Army describes plans for integrating women into combat

By C. Todd LopezJune 19, 2013

Army describes plans for integrating female Soldiers into combat
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Army describes plans for integrating female Soldiers into combat
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WASHINGTON (Army News Service, Jun 18, 2013) -- No later than Jan. 1, 2016, women will be able to apply to all military occupational specialties, and to all Army units, across the total force.

"The Army is very excited about the approval of our implementation plan to move forward," said Maj. Gen. Howard Bromberg, Army G-1, during a June 18 multi-service briefing in the Pentagon.

Bromberg and representatives from the Marine Corps, Navy, Air Force and Special Operations Command explained how they would implement their specific plans to integrate women into all areas of military service.

The Army's plan, like the plans from other services, include first opening closed units to women, and then opening all closed military occupational specialties, or MOSs, to women.


Today in the Army, some combat units at battalion level and below are still closed to women. One of the first steps the Army will take is to open those closed units. This step will not involve opening closed MOSs to women, but rather, opening closed units to allow women to serve there in MOSs that are already open to both genders.

Already, the Army has made headway in this area, Bromberg said.

In 2012, the Army opened 14,000 positions in closed units to female Soldiers with the elimination of the "co-location restriction" through its "Exception to Policy" program. Women were assigned to maneuver battalion headquarters in nine brigade combat teams, known as BCTs, as an exception to the Direct Ground Combat Definition and Assignment Rule.

This year, the Army has already signaled its intent to open an additional 6,000 positions within closed units. The Army will accomplish that by opening up an additional eight active-duty BCTs to women -- for a total of 17; nine Army National Guard BCTs; and also positions within special operations aviation.

In a plan submitted to the secretary of defense in April, Secretary of the Army John M. McHugh spelled out the details of the Army's way ahead to integrate women into closed units.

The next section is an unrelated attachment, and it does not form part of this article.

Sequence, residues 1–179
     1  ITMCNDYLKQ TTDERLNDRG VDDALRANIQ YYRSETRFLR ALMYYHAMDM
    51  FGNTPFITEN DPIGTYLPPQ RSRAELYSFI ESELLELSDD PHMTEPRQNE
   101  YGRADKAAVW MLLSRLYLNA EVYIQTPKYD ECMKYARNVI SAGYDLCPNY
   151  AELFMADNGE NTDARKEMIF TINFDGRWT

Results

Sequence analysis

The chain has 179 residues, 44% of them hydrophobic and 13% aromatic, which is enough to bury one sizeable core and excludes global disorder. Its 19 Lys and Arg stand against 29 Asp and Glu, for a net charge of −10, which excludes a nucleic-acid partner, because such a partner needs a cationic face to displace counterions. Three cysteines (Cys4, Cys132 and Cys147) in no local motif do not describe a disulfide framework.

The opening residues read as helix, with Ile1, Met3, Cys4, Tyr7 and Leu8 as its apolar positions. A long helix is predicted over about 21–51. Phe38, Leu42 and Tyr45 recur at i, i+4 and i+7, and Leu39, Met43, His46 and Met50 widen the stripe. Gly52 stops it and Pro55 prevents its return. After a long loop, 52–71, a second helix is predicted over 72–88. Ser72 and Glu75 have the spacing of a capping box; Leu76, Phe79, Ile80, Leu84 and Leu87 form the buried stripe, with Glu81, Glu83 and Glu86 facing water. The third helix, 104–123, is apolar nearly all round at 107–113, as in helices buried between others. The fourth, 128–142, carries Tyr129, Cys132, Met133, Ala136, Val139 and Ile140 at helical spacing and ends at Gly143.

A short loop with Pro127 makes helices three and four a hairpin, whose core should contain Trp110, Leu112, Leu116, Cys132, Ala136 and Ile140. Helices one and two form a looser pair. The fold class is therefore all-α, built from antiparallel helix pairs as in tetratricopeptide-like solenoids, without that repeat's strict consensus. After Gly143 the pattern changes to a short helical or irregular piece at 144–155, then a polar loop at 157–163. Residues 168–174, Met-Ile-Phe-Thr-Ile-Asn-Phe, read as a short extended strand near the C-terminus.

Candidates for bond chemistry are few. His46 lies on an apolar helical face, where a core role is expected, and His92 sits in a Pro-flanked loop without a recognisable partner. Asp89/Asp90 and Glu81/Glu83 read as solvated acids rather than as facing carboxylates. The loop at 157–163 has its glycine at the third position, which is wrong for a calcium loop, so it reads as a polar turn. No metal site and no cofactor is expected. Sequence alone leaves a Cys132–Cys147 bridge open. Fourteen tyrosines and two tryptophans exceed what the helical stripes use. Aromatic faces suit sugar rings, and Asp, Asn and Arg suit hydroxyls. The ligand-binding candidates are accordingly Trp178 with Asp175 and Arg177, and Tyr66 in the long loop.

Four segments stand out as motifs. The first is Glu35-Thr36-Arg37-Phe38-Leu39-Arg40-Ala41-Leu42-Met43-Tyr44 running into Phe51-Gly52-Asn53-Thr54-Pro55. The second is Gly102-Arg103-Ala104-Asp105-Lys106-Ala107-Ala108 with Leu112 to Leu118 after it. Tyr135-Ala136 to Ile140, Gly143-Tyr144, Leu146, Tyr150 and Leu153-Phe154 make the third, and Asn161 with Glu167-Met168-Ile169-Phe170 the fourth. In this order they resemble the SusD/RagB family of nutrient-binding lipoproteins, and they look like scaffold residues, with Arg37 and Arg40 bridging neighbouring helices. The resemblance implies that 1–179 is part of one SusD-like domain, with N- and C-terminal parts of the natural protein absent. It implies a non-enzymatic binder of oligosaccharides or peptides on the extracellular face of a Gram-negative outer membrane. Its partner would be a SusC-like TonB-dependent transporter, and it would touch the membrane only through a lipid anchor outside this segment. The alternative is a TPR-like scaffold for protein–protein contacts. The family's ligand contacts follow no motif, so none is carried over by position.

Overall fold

The Army will continue to open positions in closed units, initially within the headquarters of combat arms units such as infantry, armor and field artillery. The Army will also open headquarters positions to women in reconnaissance, surveillance, targeting and acquisition maneuver battalions.

For enlisted Soldiers, about 76 military occupational specialties that are open to both male and female Soldiers are represented within closed units. For officers, there are about 35 officer areas of concentration represented within closed units. And for warrant officers, there are 19 warrant officer military occupational specialties represented in closed units.

The Army will begin allowing women to move into positions within previously-closed units in early 2014, first with officers and non-commissioned officers, and then with junior Soldiers.

"The further assignment of women to companies and batteries below the level of headquarters will be based on assessments, deployment cycles and specific guidance," reads the implementation plan the Army sent forward to the secretary of defense. "This process will be completed at the end of calendar year 2014 and will provide the framework for opening positions that are currently closed to women."


For occupations currently closed to women, the Army is planning on developing gender-neutral standards to ensure all Soldiers have fair access to jobs.

However, Bromberg said that it is important for the Army to ensure that the standards meet job requirements.

"Whatever that job or that occupational specialty, we have to make sure we have the requirements of that task established -- regardless of male or female," Bromberg said. "The worst thing we could do is change that standard for that position. We have to be absolutely certain that performance can be understood and applied in combat situations. This isn't to set anybody up for failure. This is all about success. We're calling it Soldier of 2020 -- it's not male Soldier or female Soldier."

Beginning in July 2014, the Army will first open military occupational specialties within the Army Engineer Branch. New opportunities for women there include combat engineer and combat engineer senior sergeant. Once those occupations open, the Army will assign female engineer officers and any reclassified NCOs to combat engineer companies. This will open up approximately 10,281 positions to women.

Beginning in the second quarter of fiscal year 2015, the Army will open previously-closed positions within the Field Artillery Branch. After that, opportunities for women will expand to include cannon crewmembers, field artillery automated tactical data systems, fire support specialists and field artillery senior sergeants. Within the Field Artillery Branch, the change will ultimately open about 15,941 jobs to women.

Additionally, the Army will open positions to women with the Armor Branch and the Infantry Branch. Positions there are numerous. Enlisted women will for the first time have the opportunity to serve as cavalry scouts, armor crewmen, infantrymen, and indirect-fire artillery. As a result of this change, about 90,640 positions will open for women in the Army.

Within the Armor Branch and the Infantry Branch, the Army will also offer junior officers and junior NCOs the opportunity to transfer branches or reclassify into these occupations as a way to build a cadre of experienced female Soldiers prior to the arrival of Soldiers who are new to the Army.

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